The day that they told me that I could go and live with her, despite my young age, I could tell that she was nervous when she arrived. (Perhaps it's destiny that I was adopted by someone who reads people for a living.) Julianna, I could tell, was excited. The two of them sat either side of me on the sofa; James, my foster father, took a seat on his favourite chair and my social worker, Peter, took the remaining seat.
I remember wondering why Gillian was crying, though I am pretty sure there were no tears on her cheeks. They were in her eyes. I was worried that I had done something to upset her; that she didn't want to visit me anymore. Until she smiled and it was the widest smile I had ever seen. I have heard the description of a smile lighting up someone's face, or a room: This was one of those smiles.
The words they used to tell me about the adoption are lost to me, and I suspect it is because I was so distracted by her expression. But I remember feeling happy. Feeling overwhelming happy at the thought of this woman being my new mother.
I cannot imagine – and I don't think I would want to – what my life would have been like if I had not met Gillian Foster (now Lightman). My head and heart are filled with memories of the places we have been; the films we have watched; the books we have read; the games we have played every Family Games Night. My bedroom walls are filled with pictures of our adventures; snapshots of our life together.
We have had our moments, of course, I am a teenager after all. But it is impossible to stay mad at my mom and, inevitably, I will grovel back and apologize because, let's face it, I was in the wrong. She does not yell; she does not give me the silent treatment. I suspect she might, occasionally, turn to ice cream to get her through it, but everyone has at least one vice: Hers, I have discovered, is a sweet tooth. She will still come to kiss me goodnight, even if I am trying to be cross with her. She still reminds me that she loves me. Not that I would ever forget, for it is impossible not to feel it in the air when she is around. And after I apologize, she will hug me, she will tell me I am forgiven and she will smile that same smile that lit up my foster parents' living room ten years ago.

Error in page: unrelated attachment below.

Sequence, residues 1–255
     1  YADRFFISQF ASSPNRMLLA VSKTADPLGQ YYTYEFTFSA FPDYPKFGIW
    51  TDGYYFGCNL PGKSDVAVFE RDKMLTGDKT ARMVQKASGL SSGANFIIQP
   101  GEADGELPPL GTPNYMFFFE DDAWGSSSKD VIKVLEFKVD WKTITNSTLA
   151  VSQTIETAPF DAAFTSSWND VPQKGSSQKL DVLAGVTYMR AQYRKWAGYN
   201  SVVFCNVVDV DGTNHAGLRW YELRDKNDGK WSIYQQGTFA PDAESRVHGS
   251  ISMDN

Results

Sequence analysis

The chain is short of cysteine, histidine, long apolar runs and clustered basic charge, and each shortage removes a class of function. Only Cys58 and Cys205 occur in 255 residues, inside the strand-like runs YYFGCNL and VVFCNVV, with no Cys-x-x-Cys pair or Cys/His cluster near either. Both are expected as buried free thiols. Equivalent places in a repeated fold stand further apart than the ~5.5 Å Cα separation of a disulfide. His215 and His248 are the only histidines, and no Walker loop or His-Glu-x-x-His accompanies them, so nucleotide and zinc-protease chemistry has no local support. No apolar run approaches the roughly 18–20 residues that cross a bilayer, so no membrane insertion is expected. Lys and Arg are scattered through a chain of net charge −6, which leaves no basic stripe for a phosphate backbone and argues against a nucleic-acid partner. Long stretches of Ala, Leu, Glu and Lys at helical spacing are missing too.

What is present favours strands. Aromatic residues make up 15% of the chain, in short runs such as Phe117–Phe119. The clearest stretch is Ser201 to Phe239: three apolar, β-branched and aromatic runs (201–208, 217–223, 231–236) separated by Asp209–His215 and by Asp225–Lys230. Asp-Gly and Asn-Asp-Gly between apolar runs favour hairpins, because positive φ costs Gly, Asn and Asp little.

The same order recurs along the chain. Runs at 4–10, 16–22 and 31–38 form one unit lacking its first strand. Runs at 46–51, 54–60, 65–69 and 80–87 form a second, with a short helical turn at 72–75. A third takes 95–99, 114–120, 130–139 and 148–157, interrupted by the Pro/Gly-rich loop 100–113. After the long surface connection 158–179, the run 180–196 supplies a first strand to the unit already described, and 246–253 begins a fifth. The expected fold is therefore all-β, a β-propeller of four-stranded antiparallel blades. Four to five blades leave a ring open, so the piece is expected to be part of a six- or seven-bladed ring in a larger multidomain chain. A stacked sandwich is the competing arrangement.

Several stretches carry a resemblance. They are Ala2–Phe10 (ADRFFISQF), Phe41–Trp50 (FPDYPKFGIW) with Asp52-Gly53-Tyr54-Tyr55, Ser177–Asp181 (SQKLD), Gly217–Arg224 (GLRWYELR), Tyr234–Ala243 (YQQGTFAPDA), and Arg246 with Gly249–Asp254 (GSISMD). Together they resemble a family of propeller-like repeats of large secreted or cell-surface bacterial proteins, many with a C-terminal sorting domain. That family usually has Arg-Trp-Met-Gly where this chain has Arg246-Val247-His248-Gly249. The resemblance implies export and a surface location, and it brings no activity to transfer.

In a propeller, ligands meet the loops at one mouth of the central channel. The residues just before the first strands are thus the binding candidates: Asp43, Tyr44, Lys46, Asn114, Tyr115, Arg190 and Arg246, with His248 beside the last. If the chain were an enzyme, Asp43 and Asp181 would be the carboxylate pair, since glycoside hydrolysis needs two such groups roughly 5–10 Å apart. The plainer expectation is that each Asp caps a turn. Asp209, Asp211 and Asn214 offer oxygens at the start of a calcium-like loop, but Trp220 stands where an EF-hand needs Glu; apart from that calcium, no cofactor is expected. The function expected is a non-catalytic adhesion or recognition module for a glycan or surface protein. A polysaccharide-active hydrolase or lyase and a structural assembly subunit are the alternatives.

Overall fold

My mother has an inspiring, infinite capacity for love and it is thanks to this that the family of two she created for me now also includes a dad and two sisters.
I was so proud to act as Best Man at her wedding and I have been proud ever since as I continue to hear stories of her accomplishments; of her kindness; of the people she has helped through her career as a psychologist and at The Lightman Group. People smile when they talk about my mom, and, to me, that speaks volumes.
My dad will tell you that she has saved his life numerous times (some of them literally in their line of work).
My older sister will tell you she has brightened her life – not least because she keeps our father out of trouble, freeing Emily up to live said life.
And my younger sister will wholeheartedly agree with me when I say that my mother has not only influenced my life, but changed it completely.
And improved it immeasurably.